The Moon is a great subject for beginning astro-imagers as it’s really bright and thus easy to find with the camera. It is possible to take a good Moon image with a camera and lens, but in this case longer focal lengths are better so that we can zoom in and see more of the features. The Moon is very bright though, so you’ll want to use different settings.

Aperture:f/11 to f/16
Shutter speed:1/125th to 1/250th of a second
ISO:100 to 200


We proceed very much as before:

  1. Set the camera to Manual (“M”) mode.
  2. Set the focal length if using a zoom lens, but this time try a longer focal length to zoom in more and see the details. Bear in mind that at higher focal lengths the Moon will move out of the field of view more quickly as the Earth rotates.
  3. Focus the lens as described above. You’ll need to focus a zoom lens after you set the focal length (zoom) as the focus point changes at different focal lengths. You may find it easier to focus on a star first (using the ISO and shutter speeds as described in focusing above) and then point the camera at the Moon. Alternatively you may find it easier to focus directly on the Moon itself using the exposure and ISO settings described below.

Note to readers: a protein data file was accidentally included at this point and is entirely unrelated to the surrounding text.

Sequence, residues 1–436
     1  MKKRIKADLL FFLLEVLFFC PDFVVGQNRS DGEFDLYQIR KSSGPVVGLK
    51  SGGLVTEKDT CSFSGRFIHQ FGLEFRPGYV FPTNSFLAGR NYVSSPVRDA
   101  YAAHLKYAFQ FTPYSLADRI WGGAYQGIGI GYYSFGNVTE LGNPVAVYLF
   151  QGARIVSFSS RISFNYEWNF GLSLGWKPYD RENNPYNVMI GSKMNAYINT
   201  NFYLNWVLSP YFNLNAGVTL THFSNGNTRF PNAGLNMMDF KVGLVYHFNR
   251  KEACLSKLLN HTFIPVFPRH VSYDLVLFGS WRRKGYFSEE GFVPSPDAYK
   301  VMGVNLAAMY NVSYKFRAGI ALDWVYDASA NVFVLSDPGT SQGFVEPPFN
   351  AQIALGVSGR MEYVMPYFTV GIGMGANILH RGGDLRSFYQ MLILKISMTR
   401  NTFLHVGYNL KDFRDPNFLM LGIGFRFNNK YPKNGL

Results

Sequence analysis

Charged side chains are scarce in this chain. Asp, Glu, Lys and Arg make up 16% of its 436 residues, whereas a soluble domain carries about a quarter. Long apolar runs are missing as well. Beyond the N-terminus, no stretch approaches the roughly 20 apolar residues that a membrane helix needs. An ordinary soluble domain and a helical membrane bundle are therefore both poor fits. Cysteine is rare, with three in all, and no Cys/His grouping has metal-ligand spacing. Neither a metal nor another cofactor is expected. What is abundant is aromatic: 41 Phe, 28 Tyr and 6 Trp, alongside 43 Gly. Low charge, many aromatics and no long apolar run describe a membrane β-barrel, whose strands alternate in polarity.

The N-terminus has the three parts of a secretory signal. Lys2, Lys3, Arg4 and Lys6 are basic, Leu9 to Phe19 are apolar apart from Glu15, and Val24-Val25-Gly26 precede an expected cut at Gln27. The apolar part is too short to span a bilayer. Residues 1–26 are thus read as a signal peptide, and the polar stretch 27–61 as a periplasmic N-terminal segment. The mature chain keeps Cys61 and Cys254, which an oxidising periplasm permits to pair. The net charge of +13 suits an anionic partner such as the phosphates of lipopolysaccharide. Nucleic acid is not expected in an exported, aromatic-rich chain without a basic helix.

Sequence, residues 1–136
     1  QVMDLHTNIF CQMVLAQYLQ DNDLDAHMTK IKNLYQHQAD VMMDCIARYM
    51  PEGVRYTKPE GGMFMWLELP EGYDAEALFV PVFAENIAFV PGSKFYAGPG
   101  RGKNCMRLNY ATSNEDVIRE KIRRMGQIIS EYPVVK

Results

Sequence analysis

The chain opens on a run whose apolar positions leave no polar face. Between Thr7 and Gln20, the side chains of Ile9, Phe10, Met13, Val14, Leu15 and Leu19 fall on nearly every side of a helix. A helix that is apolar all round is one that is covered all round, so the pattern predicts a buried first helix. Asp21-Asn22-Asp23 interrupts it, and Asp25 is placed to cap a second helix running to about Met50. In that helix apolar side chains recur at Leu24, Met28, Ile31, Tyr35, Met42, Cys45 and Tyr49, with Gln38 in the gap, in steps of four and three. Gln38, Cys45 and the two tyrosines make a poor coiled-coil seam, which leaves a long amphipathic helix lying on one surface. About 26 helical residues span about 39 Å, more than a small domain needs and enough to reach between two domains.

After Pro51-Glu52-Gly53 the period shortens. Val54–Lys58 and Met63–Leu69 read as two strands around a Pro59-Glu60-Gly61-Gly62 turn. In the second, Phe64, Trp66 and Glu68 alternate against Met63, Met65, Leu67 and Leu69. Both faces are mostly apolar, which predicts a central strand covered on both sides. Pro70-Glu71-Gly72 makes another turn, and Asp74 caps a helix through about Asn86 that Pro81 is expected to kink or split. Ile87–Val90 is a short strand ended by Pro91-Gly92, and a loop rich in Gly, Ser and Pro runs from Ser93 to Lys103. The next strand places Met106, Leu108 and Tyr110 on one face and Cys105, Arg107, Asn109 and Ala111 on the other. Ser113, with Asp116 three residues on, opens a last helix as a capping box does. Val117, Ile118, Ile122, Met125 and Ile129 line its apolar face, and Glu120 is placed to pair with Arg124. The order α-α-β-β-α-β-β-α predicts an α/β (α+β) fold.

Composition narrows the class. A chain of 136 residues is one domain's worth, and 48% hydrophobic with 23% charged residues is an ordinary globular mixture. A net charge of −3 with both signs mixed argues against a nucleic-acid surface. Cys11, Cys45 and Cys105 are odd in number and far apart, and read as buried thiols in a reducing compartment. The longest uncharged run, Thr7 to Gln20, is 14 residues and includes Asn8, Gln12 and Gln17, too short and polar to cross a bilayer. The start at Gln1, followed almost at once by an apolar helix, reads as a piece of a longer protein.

4. Set the shutter speed to approximately 1/125th to 1/250th of a second.
  5. Set the ISO to 100 or 200. You’ll need to take some test exposures to find the best values for ISO and shutter speed.
  6. Take an exposure. Ideally do this using a remote shutter release or intervalometer to avoid camera shake.
    If you do not have one, you can use the camera’s “Self Timer” function. This will delay opening the shutter for a defined number of seconds after you press the shutter button, thus allowing any vibrations you caused to die down. Consult your camera’s manual to learn how to use the Self Timer.